aramark Presentation03.14.06

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  • 1. Managed Services, Managed Better 1
  • 2. Special Note about Forward-Looking Statements This presentation includes “forward-looking statements” within the meaning of the Private Securities Litigation Reform Act of 1995 that reflect our current views as to future events and financial performance with respect to our operations. These statements can be identified by the fact that they do not relate strictly to historical or current facts. They use words such as “aim,” “anticipate,” “are confident,” “estimate,” “expect,” “will be,” “will continue,” “will likely result,” “project,” “intend,” “plan,” “believe” and other words and terms of similar meaning in conjunction with a discussion of future operating or financial performance. These statements are subject to risks and uncertainties that could cause actual results to differ materially from those expressed or implied in the forward-looking statements. Factors that might cause such a difference include: unfavorable economic conditions; ramifications of any future terrorist attacks or increased security alert levels; increased operating costs, including labor-related and energy costs; shortages of qualified personnel or increases in labor costs; costs and possible effects of further unionization of our workforce; currency risks and other risks associated with international markets; risks associated with acquisitions, including acquisition integration issues and costs; our ability to integrate and derive the expected benefits from our recent acquisitions; competition; decline in attendance at client facilities; unpredictability of sales and expenses due to contract terms and terminations; the impact of natural disasters on our sales and operating results; the risk that clients may become insolvent; the contract intensive nature of our business, which may lead to client disputes; high leverage; claims relating to the provision of food services; costs of compliance with governmental regulations and government investigations; liability associated with noncompliance with governmental regulations, including regulations pertaining to food services, the environment, the Federal school lunch program, Federal and state employment and wage and hour laws and import and export controls and customs laws; dram shop compliance and litigation; inability to retain current clients and renew existing client contracts; determination by customers to reduce their outsourcing and use of preferred vendors; seasonality; and other risks that are set forth in the “Risk Factors” sections of ARAMARK’s SEC filings. For further information regarding risks and uncertainties associated with ARAMARK's business, please refer to the quot;Management's Discussion and Analysis of Results of Operations and Financial Conditionquot; and quot;Risk Factors” and other sections of ARAMARK's SEC filings, including, but not limited to, our annual report on Form 10-K and quarterly reports on Form 10-Q, copies of which may be obtained by contacting ARAMARK's investor relations department via its web site www.aramark.com. Forward-looking statements speak only as of the date made. We undertake no obligation to update any forward-looking statements to reflect the events or circumstances arising after the date as of which they are made. As a result of these risks and uncertainties, readers are cautioned not to place undue reliance on the forward-looking statements included herein or that may be made elsewhere from time to time by, or on behalf of, us. Important Disclosure In this presentation, we mention certain financial measures that are considered non-GAAP. Generally, a non-GAAP financial measure is a numerical measure of a company’s performance, financial position, or cash flows that either excludes or includes items different than those prepared or presented in accordance with generally accepted accounting principles. We have prepared disclosures and reconciliations of non-GAAP financial measures that were used in this presentation and may be used periodically by management when discussing the Company's financial results with investors and analysts, which are available on our website www.aramark.com. 2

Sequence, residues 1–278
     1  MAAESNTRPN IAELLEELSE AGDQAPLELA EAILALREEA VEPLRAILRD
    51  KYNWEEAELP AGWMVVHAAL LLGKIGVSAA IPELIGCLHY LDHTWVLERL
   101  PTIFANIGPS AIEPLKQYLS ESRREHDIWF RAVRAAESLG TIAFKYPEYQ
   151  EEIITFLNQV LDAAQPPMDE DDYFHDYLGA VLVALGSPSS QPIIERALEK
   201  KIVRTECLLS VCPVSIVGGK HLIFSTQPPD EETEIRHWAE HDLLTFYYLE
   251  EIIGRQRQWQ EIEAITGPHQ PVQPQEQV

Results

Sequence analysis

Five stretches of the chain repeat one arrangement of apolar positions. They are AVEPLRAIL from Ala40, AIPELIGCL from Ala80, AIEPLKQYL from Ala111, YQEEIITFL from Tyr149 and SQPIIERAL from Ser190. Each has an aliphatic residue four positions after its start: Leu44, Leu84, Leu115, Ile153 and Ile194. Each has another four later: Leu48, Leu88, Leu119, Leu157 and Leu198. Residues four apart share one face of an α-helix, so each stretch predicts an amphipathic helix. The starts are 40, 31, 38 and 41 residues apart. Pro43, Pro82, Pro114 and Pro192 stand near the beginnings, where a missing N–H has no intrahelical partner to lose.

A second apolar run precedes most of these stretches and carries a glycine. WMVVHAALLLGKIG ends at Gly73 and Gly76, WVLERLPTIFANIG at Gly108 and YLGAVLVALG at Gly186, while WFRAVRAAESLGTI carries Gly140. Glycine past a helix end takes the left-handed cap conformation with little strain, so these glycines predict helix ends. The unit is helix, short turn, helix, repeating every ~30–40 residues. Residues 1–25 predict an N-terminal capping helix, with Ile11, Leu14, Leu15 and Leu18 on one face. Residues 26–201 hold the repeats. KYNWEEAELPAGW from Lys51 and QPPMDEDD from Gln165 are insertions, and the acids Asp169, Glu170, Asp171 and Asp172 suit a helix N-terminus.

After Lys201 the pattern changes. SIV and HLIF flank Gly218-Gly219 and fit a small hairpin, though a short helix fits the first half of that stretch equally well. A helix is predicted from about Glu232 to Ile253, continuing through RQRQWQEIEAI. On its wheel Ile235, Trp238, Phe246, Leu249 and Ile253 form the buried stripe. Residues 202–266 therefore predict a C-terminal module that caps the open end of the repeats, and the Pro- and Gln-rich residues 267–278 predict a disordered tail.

• 3. ARAMARK: An Outsourced Services Leader Leading provider of food, facilities 2005 Sales: $11.0 billion and uniform services to Business, Education, Healthcare, Government Uniform & Career and Sports & Entertainment clients Apparel 14% Mid-teens average annual EPS growth since 2001 IPO with strong cash flow 240,000 employees in 19 countries Broad and deep management ownership that fosters Food & Support 86% entrepreneurial culture 3
  • 4. Services Provided Food & Support Services Uniform Services Cafés, Executive Energy Management Uniform Rental / Lease Dining Rooms Groundskeeping Nationwide Service Catering Laundry & Linen Services National Account Retail and C-Stores Programs Plant Operations Conference Center Clean Rooms Central Transportation Management WearGuard & Crest Brands Building Commissioning Refreshment Direct Sale Offerings Services Clinical Equipment Services Managed & National Concessions Environmental Services Account Programs Event Planning QSR / Healthcare On-site Restaurants Leader Lodging Galls Brand Public Safety Catalog Business 4